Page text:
Pampa Daily News from Pampa, Texas on June 4, 1963 · Page 1
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Pampa Daily News from Pampa, Texas · Page 1

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Tuesday, June 4, 1963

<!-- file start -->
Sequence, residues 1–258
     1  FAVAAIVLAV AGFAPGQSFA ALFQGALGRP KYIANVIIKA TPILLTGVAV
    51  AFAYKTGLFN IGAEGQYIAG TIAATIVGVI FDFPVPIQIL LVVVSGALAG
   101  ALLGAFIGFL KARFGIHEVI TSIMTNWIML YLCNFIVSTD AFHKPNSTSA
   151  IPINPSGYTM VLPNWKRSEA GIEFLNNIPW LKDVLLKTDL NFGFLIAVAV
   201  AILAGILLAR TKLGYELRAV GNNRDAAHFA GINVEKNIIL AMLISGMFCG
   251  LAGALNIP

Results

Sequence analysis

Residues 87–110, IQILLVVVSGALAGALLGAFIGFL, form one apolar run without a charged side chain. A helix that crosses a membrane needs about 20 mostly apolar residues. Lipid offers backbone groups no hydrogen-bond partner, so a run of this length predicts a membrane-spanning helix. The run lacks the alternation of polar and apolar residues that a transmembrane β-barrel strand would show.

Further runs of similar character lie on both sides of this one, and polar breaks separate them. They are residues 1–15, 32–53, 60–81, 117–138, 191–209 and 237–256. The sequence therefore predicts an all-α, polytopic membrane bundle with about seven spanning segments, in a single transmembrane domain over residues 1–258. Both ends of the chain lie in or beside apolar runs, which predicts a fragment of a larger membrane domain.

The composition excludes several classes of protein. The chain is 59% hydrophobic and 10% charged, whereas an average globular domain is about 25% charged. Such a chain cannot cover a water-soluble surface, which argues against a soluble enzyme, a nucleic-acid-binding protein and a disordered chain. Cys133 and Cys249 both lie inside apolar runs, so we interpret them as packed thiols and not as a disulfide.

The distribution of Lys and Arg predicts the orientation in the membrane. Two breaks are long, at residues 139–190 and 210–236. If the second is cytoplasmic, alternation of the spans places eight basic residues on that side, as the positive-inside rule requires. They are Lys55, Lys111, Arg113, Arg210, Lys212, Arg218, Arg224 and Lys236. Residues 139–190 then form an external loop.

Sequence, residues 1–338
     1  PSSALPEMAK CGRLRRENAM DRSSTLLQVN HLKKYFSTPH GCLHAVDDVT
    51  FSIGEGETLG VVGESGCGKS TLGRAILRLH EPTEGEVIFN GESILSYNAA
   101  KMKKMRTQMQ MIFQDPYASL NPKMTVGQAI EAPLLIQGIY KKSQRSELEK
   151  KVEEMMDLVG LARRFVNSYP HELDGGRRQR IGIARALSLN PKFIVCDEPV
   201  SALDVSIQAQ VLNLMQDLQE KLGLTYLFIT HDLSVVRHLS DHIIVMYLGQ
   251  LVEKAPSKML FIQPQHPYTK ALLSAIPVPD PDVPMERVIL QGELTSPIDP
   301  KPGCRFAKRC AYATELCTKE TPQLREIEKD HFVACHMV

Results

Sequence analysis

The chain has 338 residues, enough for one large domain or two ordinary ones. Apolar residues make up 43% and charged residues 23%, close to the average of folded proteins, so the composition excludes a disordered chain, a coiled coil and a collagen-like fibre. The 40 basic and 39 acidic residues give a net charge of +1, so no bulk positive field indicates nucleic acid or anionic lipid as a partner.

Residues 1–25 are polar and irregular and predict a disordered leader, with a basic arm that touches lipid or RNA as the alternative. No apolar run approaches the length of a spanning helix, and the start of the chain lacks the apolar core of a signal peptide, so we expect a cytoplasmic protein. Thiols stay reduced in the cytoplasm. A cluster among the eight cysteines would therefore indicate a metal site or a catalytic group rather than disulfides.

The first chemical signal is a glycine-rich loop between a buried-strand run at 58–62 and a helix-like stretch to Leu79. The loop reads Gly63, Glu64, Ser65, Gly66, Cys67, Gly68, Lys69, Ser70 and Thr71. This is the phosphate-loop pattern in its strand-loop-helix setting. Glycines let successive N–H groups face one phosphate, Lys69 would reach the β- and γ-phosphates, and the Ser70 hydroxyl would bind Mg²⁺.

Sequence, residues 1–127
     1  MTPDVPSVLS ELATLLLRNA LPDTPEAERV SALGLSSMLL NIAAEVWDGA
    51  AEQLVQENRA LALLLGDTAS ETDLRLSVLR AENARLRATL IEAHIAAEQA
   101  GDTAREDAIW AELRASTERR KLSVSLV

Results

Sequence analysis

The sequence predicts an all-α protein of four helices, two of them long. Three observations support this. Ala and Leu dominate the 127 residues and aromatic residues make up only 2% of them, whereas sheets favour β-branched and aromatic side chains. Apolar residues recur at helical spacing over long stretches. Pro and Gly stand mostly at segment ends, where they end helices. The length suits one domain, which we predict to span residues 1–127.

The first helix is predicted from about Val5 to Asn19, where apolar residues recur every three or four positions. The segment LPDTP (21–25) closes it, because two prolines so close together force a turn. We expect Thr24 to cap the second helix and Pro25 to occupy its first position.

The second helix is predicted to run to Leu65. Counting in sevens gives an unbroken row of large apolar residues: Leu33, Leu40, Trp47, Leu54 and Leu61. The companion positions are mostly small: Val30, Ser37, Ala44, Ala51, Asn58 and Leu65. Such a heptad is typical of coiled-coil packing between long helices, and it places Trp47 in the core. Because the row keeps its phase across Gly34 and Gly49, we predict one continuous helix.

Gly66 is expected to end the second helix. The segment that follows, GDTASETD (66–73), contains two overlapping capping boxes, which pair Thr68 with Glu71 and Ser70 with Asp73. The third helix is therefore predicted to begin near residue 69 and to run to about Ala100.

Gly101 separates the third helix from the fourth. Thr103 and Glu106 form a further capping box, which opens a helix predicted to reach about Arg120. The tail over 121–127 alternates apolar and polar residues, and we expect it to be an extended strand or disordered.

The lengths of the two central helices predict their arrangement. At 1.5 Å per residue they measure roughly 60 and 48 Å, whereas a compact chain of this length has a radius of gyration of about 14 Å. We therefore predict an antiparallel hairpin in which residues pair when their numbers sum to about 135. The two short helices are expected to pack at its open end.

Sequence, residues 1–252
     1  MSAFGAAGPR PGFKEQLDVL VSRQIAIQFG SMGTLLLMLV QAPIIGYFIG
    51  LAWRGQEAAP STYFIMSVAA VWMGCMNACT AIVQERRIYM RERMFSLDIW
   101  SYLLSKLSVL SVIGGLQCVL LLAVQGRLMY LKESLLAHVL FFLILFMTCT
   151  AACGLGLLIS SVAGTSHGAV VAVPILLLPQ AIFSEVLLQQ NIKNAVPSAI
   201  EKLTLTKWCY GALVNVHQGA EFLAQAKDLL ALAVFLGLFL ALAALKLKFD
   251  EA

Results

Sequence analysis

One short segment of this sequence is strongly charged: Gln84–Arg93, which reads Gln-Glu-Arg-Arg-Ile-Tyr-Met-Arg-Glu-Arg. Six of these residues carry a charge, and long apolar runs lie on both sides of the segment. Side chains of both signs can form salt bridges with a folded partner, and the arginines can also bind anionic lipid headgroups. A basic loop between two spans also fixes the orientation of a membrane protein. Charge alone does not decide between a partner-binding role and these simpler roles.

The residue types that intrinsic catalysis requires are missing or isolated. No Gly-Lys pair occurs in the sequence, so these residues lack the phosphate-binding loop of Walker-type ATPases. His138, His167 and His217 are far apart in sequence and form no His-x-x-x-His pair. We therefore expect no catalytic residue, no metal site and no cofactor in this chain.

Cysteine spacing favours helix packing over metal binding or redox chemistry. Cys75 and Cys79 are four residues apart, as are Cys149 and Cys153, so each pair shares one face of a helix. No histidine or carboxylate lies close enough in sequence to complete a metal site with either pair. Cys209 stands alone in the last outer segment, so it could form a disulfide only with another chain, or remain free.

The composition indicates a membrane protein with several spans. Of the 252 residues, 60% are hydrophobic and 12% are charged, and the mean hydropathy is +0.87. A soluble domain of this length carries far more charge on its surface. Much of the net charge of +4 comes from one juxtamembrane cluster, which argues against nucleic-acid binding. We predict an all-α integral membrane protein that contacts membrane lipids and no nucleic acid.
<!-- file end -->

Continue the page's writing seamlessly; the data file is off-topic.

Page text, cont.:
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YOUR FREEDOM _ NEWSPAPER ''The alternative Is nol plan or no plan. The question is: whose plan? Should each member of society plan for himself or should a henevolrnt government alone plan for them all?" — Dr. Ludwig von Mises Pampa Satly NCUTG VOL. 58 — NO. 31 Circulation Certified by ABC Audit Serving The Top 0' Texat 56 Yean WEATHER i /Direct From Amarillo WeathW Bureau.) PAMPA AND VICINITY - Fau* to partly cloudy tonight with irk creasing clouds tomorrow. Scattered thtmdershowers this afternoort and tonight. Low tonight near M. High Wednesday near 80. (12 PAGES TODAY) eftk Days R« Sunday* lad Debris From Missing Plane Found In Gulf Rockefeller Gets Back to Politics; Greeted Warmly ALBANY, N.Y. (UPI) — Gov. and Mrs. Nelson A. Rockefeller \vere off to a successful start today in a series of political, civic and social functions that could play a major role in his decision to actively seek the GOP presidential nomination in 196-1. Standing ovations greeted the governor and his bride Monday night at an Albany civic dinner given by the Citizens Planning Committee for Greater Albany. About 400 persons, including 41 representatives of news media, attended the dinner. "This is the first opportunity Happy and I have had to be here . in Albany together," the governor said after his introduction lo the audience by Dr. Vivienne Anderson, president of the civic group. Women in the audience described the governor's second wife as "charming." "outgoing," "wonderful" and "warm." Earlier in the evening, the governor and his wife, the former Mrs. Margaretta (Happyl Filler Murphy, spent -45 minutes in a re• reiving line shaking hands with the guests. To many, the governor introduced his wife as "Happy. 1 Their May 4 wedding sparked a wave of discussion concerning its aftect on the governor's politi- 4 cal future. Political observers believe some of the answers will be found dur- , ing a series of scheduled activities this summer. Love Not Cooled By 3-Hour Dunk FORT WORTH (UPI) - A 32- year-old woman fell from a boat into Benhrook Lake Monday night during an argument with her husband. Her M-year-old son jumped into the lake with life preservers. The husband drove (he lioat away saying Ive was going to "get cigarettes." The woman and boy were rescued after spending three in tilt 1 water. She said she and her husband argued about the correct way to bait a fish hook. "He hit nio with a Coke hot- tie." .she told police, "(hen I conked him on the nose with a flashlight, hut I fell overboard." She said shp refused to get back in the boat so the boy joined her in live water with the life preservers. Her husband beaded for shore. "I was tired of fooling with them." he told police "He said he was going after some cigarettes." the- wife said. "But after an hour we figured he was lying." Thp woman told police she did not want to press charges. "I still lo\ p him," she said. Six Texans Reported Aboard Lost Military Air Transport By GORDON W. SCHULTZ United Press International ANCHORAGE, Alaska (UPI) — Debris found in the .stormy seas in the Gulf nf Alaska came from a missing mili- l;iry charier plane \vith 101 men, women and children aboard, the Coast Guard said today. The four-engine Norlhwest. Orient. Airlines DC7 dis-i hours appeared Monday shortly after requesling a routine change in altitude while on a flight from McChord Air Force Base near Tacoma, Wash., to Elmendorf Air Force Base here. Six Texans, including a family Labor Secretary Steps Into Rail Strike Talks "Rains Too Late For Wheat Belt; Harvest Delayed The Wheat Harvest Control Of- 1 , fice in Amarillo reported today that the rains received over the entire Texas wheat belt during the last week came too late to be of any benefit to dry-land wheat' acreage. Harvest operations in North Central Texas and the Panhandle now are being delayed because of wet fields. ' However with favorable sunny weather the Panhandle harvest is expected to go into full gear within the next week. 'The Amarillo Harvest Office stated that the wheat harvest in Gray, Robert s, Hemphill, Wheeler and Lipscomb Counties should average about 35 bushels per acre on imgat-ed land but the remaining dry-land wheat is reported in poor condition. The Amarillo office said a temporary harvest office will be opened in Perryton next M o n d a y • with .lames D. Young in charge. The office will be located tit the Perryton Fairgrounds. 'Ihe phone | . number there will he 435-2M2. Lovett Library Is Sinking; City Calling Builders The Lovett Memorial Library Building has begun to sink al one end. City Manager Harold Schmilzer reported to the city commission today. Schmit?cr said the tile floor in rest rooms at the north end of the library building already has sunk about two inches and the walls along the north side have cracked. Commissioners agreed that the contractors and architects for the building should be called in to see what can be done to remedy the situation. The city manager and Public Works Director R. R. Cooke to- dav were attempting to contact the contractors to ask an investigation bofore further damage is caused to the building. WASHINGTON (UPH — Labor Secretary W. Willard Wirt/. today stepped into flagging negotiations aimed at heading off a nationwide railroad strike over work rules. 'The Labor Department said V\ irt/ entered the talks between the railroads and five railroad brotherhoods because he wanted to "he informed of what steps have been taken" to overt a strike. But other sources said the secretary was concerned with the failure of negotiators to make any progress. A strike is threatened after midnight June II. There are no formal steps left to the government to resolve the Har- long-standing dispute. One source said Wirt/ probably would "play it by ear" in search of an area of agreement. Law Governs Talks of four, were air transport service plane miss-i ing in Ihe Gulf of Alaska, the Pen- ' lagon said today. | The Air Force at Anchorage | said debris found in the Gulf came ; from the missing plane with 101 I persons aboard. ! Texans aboard were identified as S. Sgl. Joseph I. Whipkey, son of Mrs. Wallace C. Pearce of i Sheffield; his wife. Marion, their ' IS-year-old daughter, Sandra, and ' ]fi-year-old daughter, Rayma. j Also Capt. Robert M. Johnson, husband of Mrs. Helen L. Johnson of Route 2, Austin, and Airman 1. C. Marvin H. Towle, husband of Mrs Linda A. 'Towle of .VJ6 St. ( Johns, San Angelo. A Royal Canadian Air Force plane later notified the L' S. Coast Guard that it had sighted debris 80 miles west of Graham Island. The plane last reported its position as 150 miles northwest of J Ketchikan, Alaska. The Coast Guard cutter Sorrell, skippered by Li. Cmdr. Claude W. Jenkins arrived upon the scene shortly after daybreak and reported finding conclusive evidence that the debris had come from ihe plane. But the Coast Guard Negroes Are Admitted to Texas A&M COLLEGE STATION (UPD- Three Negroes have been admitted to Texas A&M College, breaking the school's 92-year-old color barrier. The Negroes were admitted under an A&M policy adopted last year to "admit qualified students regardless of race." Negroes were admitted into Arlington State College, parl of the AX-M system, last fall. Two of Ihe Negroes, Vernell Jackson of Bryan and George Douglas Sutton of Fort Worth, are graduates of Prairie View A&M and will attend as National Science Foundation Students. 'The third, l.eroy Steling. is an undergraduate from Bryan, who has attended Texas Southern University. Registrar H. L. Heation said 2.675 students registered for the first summer session. He estimated the number of women students would he about the same as last summer—!20.V Texas A&M's board voted in April to admit women on a limited basis throughout the school rather than just in summer school. Hoffa indicted on $ ewage Complaint Heard Federal Charge of . r . S20-Miiiion Fraud At Commission Meeting The talks are being conducted spokesman stressed that the plane The 'd a the the FORT WORTH (UPI)— WlM'lliT BlIM-ail tddav IsMK' severe ihundiTsiurm alen for extreme eaMi-rn poinon of Texas Panhandle. '1 he Weather Bureau said se\ ore ihunderstoi ms were expected from ;> p.m. until !) p m. m an area along and (if) miles north and soiuh of a line from Guvnion. Okla., to Wichita, Kan northeast- \vaid in St. Joseph. Mo. Large hail and damaging wind was ex- per ted. The Pampn area was not included in the alert under provisions of the Railway Labor Act which bans any contract change by either party for 60 days after a presidential emergency board is appointed. The board used up the first 30 days to draw up its report to President Kennedy. The report was submitted May 13 and negotiations have been under way since then. ! lie dispute centers around the railroads' announced intention of i ham'ing work rules under which L't/n.OdO engineers, firemen, c o n- cluciors, brakemen, trainmen and switchmen woik. The proposed cli.in^cs would lop off an estimated (>."),i)(l() jobs including those of •10,0110 firemen. Free To Act The railroads will be free to put the changes into effect as soon as the no-day wailing period expires. Their right to make the changes has been upheld by various courts including the Supreme I nurt. Alter losing the fight in the com ts the unions announced lliey would go on strike as soon as the railroads put the changes into effect. That threat still stands. did not necessarily crash in ahe ocean, but may have jettisoned cargo over the ocean A spokesman aboard the Sorrell said the first ship on the scene, the Japanese ship Hosei Maru. had found a suitcase identified as being from one of the passengers. The Sorrell then reported discovery of a life jacket and some women's wearing apparel also identified as having come from the missing plane. A drilling rain and damp fog covered tin- ocean as the little -circle of ships gathered debris from the storm-tossed surface Ships reported at the scene included the Hosei Maru, the tugboat Andrew Foss out of Seattle, the SS Chena, and the Coast Guard lug Albatross. Two Coast Guard airplanes joined the search at daybreak. The missing plaie. Flight 293. was chartered by the Military Air Transport Service. It was the same regularly scheduled flight to Anchorage that once before was forced to ditch in the Pacific with 102 persons aboard All were rescued in that mishap. Fidel Is Home; Has Lotto Say HAVANA (UPI) - Premier Fidel Castro, just hack from Russia. announced Monday night he will have "a lot to say" about his 37-day Soviet tour. Castro's return by non-stop Soviet airliner was as closely kept a secret as bis departure April 26 The first indication that he had left Russia was a radio announcement—an hour after the event- that he had landed in Cuba Ships, trains and factories greeted the announcement with blasts on their whistles. The newspaper la larde remade its Iron! page to include a half-page picture of Ca.siro and the headline: "Fidel arrived! Welcome!" "I have main things to sav about my trip, but I'll say them on television," Castro said on arrival. The Cuban premier received a welcome in Russia rarely equaled bv a foreign visitor The distinctions conferred on him included the title "Hero of the So\iet I'n- mn," seldom awarded to a non- Russian WASHINGTON (UPI) — Teamsters President James R. Hoffa and seven other mc-n were indicted today on federal charges of fraudulently obtaining $20 million in loans from the Central States 'Teamsters pension fund ! and of using more than $1 mil- • lion of the total for their own benefit. The Justice Department said a two-year FBI investigation of the S200 million fund led to the '1H- count indictment by a federal grand jury in Chicago. I lie indictment accused Hoffa of deceiving his fellow fund trustees to obtain loans for favored companies in six states but mainly in the Miami Tla. area. It «lso charged that be and five others demanded and received money stock options and financial control of some borrowing firms. Others named in the indictment were: Benjamin Dranow, 55. former Minneapolis department store executive now serving prison lenns for bankruptcy fraud and tax evasion. His conviction for bail jumping is under appeal. Abe I. Wemblaii, 67, retired Miami Beach businessman and former associate of Dranow. S. George Burris, 65. New York City accountant, and his son Hei bert R. Burris, 41, a New York City attorney. Samuel Hyman, fifl, Miami Reach, a Key West, Tla., real es- ; late operator. : Calvin Kovens, 39. Miami Reach builder and real estate man. ; Zacbary A. Strate Jr.. -13, New iOrleans builder and real estate man. The charges involved loans ' made by the Central States. South- 1 east and Southwest areas pension fund, which has headquarters in Chicago. The fund collects pa v merits from employers for retirement disability and death benefit covering more than 177.000 members of the Teamsters' Union in 20 suites. Hoffa, one of eight union trustees who run llie fund alony with eight representatives of management, was accused of abusing his position of trust. , Complaints on Pampa's sewage disposal s\slem and a request for action on location of the city's water treatment plant for the Canadian River Project today prompted the city commission to ask a consulting engineer and fiscal agent to meet with them on both mutters at their regular meeting next week. City Manager Harold Schmit/er was instructed to invite T. Carr Forrest of Forrest &• Cotton, Dallas engineers, and R. II, Underwood. Dallas fiscal a^ent, to meet with the commisMon next week. Action was taken after City Manager Schmil/er read a letter of complaint from W. B Jackson, IS01 I'.vergreen. who owns ranch- land affected by Pampa sewage ihat empties into Red Deer Creek. Jackson charged in his letter that the "condition the sewage is in when it is dumped into a public stream is a cliscrace to the ciiy and communriv." JFK Has Plan For Rights Legislation Pres- upon general bruud outline" of civil rights legislation and WASHINGTON (UPI) idem Kennedy has decided ' i he new plans to send a special message to Congress next week, the White House said today. The President's decision was announced as he scheduled a meeting with 100 businessmen in the hupe of enlisting voluntary support in desegregating facilities they operate in the South. Administration sources said consultations would continue on Uie new civil rights legislation ind that Republican leaders probably would be brought into the discussions. It was said, however, that House and Senate Democratic leaders probably would contact GOP leaders rather than have the Republicans meet personally with the President or Ally. Gen. Robert F. Kennedv. Jackson's letter went on to say: "On my ranch about ten rnilei down stream, where Red Deer Creek crosses the line from Gray into Roberts County, the bed of the creek is covered with from four to six feet of sand and gravel. I his is now saturated with the corrupt ion from the Pampa disposal system." Jackson said the inadequacy of the Pampa plant had been discussed for a number of years and staled he thought it now is time for somu action. On the Canadian River Project request from the United Slates Bureau of Reclamation, C. 0. Crane, project engineer, asked for definite information regarding the location of Pampa's water treatment plant. Crane said in his letter that surveys for the portion of the aoueduct system to deliver water to Borger and Pampa have been completed and final designs of that section of the aqueduct are being initiated. Information on Pampa's plans for the plant location are needed to preclude delay in completion of the aqueduct designs. Crane stated. Commissioners agreed that these were two major projects and that action should be started on both at next week's meeting. Mayor H. R. Thompson also suggested that the commission call an executive session to discuss some of Pampa's foremost problems that need immediate attention. The commission today received bids on petroleum products from Continental Oil Co., Mobil Oil Co., Humble Oil &• Refining Co., and Texaco, Inc. The bids were ordered tabulated and analyzed for action of the commission next week. Authority was granted to the Top 0' Texas Car Association to use the old Reeves Air Force Base, south of the city on Hwy. 70, for hot rod races. Jim Brown was appointed to a place on the Pampa City Zoning Board to fill the vacancy left by the resignation of Melvin Jayroe. I (See SEWAGE, Page 3)" At Food Congress World Urged to 'Outlaw and Banish Hunger 1 WASHINGTON (UPI) - President Kennedy said today that lor the first time mankind now has the ability to banish hunger fiom the earth. Thus, he said, the world must bear down on efforts to assure "a balanced and adequate diet" for ever\one Kennedy proposed "five basic guidelines" toward that end, start- :&•"•• I tf . . . .... ., . ,^. . . , .,,.,.., * . ; , . .. . ' 'Pope of Peace Receiving Final Homage VATICAN CITY (I'PT)- The body of Pope John XXIII, his face lined with the suffering of four days of agony, lay today in regal raiment in the Vatican Palace where cardinals and diplomats paid their last respects. This evening the remains will be borne in procession to ihe Basilica of Si. Peter's. Starting Wednesday, hundreds of thousands of the people of Rome and all others who wish, will br^m filing by for u final salute lo the. late pontiff, who gave a new warmih to religious statesmanship. Pope John died in his simple! bed in the apostolic palace Monday night at 7:49 p.m. (2 : 49 p.m. EDT) after almost 94 hours of suffering from a stomach tumor and peritonitis. The sutler ing showed on his face as he lav nchlv -robed on a rcd-drapcjd catafalque placet! in a salon of the Vatican Place'. H,-, gloved hands \\C'ie i laspni ovt-r a beloved uuciliA Pope John liHil mi Mil! ruliK embroidered cloth slippi/is with soles that showed they had been worn. The robes were the same he donned on Hnlv Thursday more' of the Pope himself, who came iha/i a year aqo in the Basilica from peasant stock in the rugged of St. John in l.ateran for the mountains of northern Italy, elevation of 1.' cardinal deacons. Pope John's body was brought 10 cardinal bishop ranks. j from his bedroom (o the salon The worn shoes were almost in- ' shortly after dawn, and at 9 a.m. dicaiive of the earthy character , (4 a.m. FT) I) ihere began a steady stream of distinguished visitors, ranging from President Antonio Segm of Italy to members of the diplomatic corps accredited lo the Holy See. Like Tinted Statue Pope John's face almost had the appearance of a tinted statue. As he lav in death, plans went ahead lo chouse his successor. The tiist lo visit the Pope in ilic,- spectacular chamber in which he lay was the cameilengo, or cliaiiiovilain, Benedetto Cardinal Aloisi Masella, who carried for (he lust time the staff svnibol- i/ing his piimacy in the church. He holds this authority until the election of a new Pope. Later, Italian President Segni paid homage to the body of the dead pontiff al 11. '22 a.m. (6:!i2 am. EDT). He was accompanied by Vice Premier Attilio Piccioni and other state officials. Other high government leaders filed into the room thjougruuit the morning and into the afternoon. Segni prayed by the Pope's body for- 25 minutes Discuss Church Business j Elsewhere in the Vatican, the i chamberlain met with three sen- 1 tor cardinals ia the first of a se- ries of sessions on continuing church business until a new pontiff is chosen. Texans Mourn A special memorial service fur Pope John \\lll was held today al noun at the siu'i'td Head Calhedral in Amarillo. Attending from i'ampa were Father I'.. J. ('ashman, I'.M. and Father Jerome Calcagnu, C.M. *>,-r--~~~-*-~-~-~-~— — ~~-~ — ~~—~-^ By United Press International Texans, Catholic and Protestant alike, mourned 'Tuesday ihe death of Pope John XXIII, describing him as a peacemaker and as a man who appealed to people of all kinds, "whether religious or run 'lexas Protestants reacted perhaps more .svmpaihetically than at the death of anv nthei Pope. Proiestams had piaved \\\\ him in his illness and now thai lie was gone, thev said, ihev felt a great loss, Roman Catholic Bishop llmmas K. Gorman of Dallas said one of i (See TEXANS, Page J) Dressed in the scarlet, gold and white robes of his church office, the Pope's body lay in the salon of the pontifical apartments foi visits of homage hv the diplomat ic corps and other hi^h ollicials Ihe luneial and nun- cl;i\s of requiem riles w ill follow The diplomats and members of the Colli-ge uf Cardinals beiiaii filing mlo ihe hall neM to ihe pontifical librars at { .l a m, d a.iu Kirn. A procession this afternoon will move the body to Si Pi-tei's. Dies In Bed 'The Pope died in hi? simple wooden frame bed al 7:-If) p m. (J:49 p.m., HDT) Monday, surrounded by his three pea>am brothers and sister and a group of intimate associates ranging from cardinals and mon.i^nors in ihe servants who had h'-en with him for vcvirs. ing wilh the basic fact that "the persistence of hunger is unacceptable cither morally or socially." Jn a speech prepared for the openiny session of the World Food ( ongress, Kennedv pledged full American -upport for a campaign to "outlaw and banish hungei" in ihe face of a wotldwide population explosion that has intensified the problem. United Nations Secretary General Than; also spoke at ihe first •Cession and called for a -1 to 5 per cent annual increase in the world's fciod production to feed its expanding population '] ham said iheie w as a "paradox ot po\eilv in the midst ol plenlv. of famine or near-famine suie hv sicie with suipluses, a paradox which reprc'-i'Mts. h-i us admit, such a reproach to our piesenl clav world. " In outlining his piopo'-ed guidelines for sff.iu 1 that c'.t i \uiie has c'uiiui:h In eat Kennedv notc-d :ha! ibe Lite Pope- Inhii \.\ recent enc \clical e\pi conviction that "all men bv reason of ihrir na niiv President Sarvepalli rishnan opening four-fold by the year 2000 10 meet ihe needs of a world population which is expected to double by that time. "This World 'Food Congress mceis at a critical point in human history ... if we let ourselves drift, the consequences may be serious indeed," he said. Sen aUo paid tribute to Pope John XXIII who had blessed the 1-AO's five-year freedom from hunger campaign—of which the food congress is a major feature —and "immeasurably strengthened iis spiritual and moral message." "His death is mourned by all the world." Sen added. Judge Considers Possible Harness For Gov, Wallace in ui '-cd llif I e equal ial dig Radhak- of India, sharing in the ceremonies, w ained in a Ala (UPI) — Se\ bourn Lyilire a request by the Oulsldr ill llu j W iclt' v".i.tl't 1 In 1 lure Si I'elc'i s f-Ia^iln i. a C.ICUM! if 1 III).(10(1 piaved and \\i|>; Im the pontiff at an open an Mass When his death was announced a great sob went up horn the [ crowd. statement pit-pared lor iht: congress i liar. "Peace and stability can never be maintained in ihis world if more llian halt of us population have in remain hungrv throughou! the \ ear l-i l\ Sen I Ad dn i-clcu ,I!MP i ( .| t | tin. 1 .linn d. |. :•, ilu-v might !>'• >tiap,r.t: u m. Ul n.s mi v by lu'lpm}; di all a Mucpi .n' I o i a In-ticr-fcd wm Id. Sen saul C--I imaios niiln. aic'd lllrl! fllOCi pi Illltll 111:]] 111 llie worlds dev cliipuij; n.t'mus wuu'ui ihave to be inux'ased ihrecMo BIRMINGHAM. Jrdeial Jud^<# tin). iv considered j'cneinmem lor an order restraining < ,<n George Wallace from in- leileimg with the admission of three Negroes lo the University of Alabama. I v nne heard arguments from attoinevs for the Justice Department and Wallace during a 90- minute hearing Monday. He promised a ruling by Wednesday morning. Ihe Negroes are scheduled to entc-M ihe university, two at the i'ia n campus a r luscaloosa and mic at i he Huni.-Aille branch, M.'.iilav V, allace has vnwed to "pi 'MiiiilU liai anv Negio" at- u-mptmu ID atiend ihe all-white ciiii > ersitv If it comes from a hardware storg , we have it. Lewis Hdwe. Ad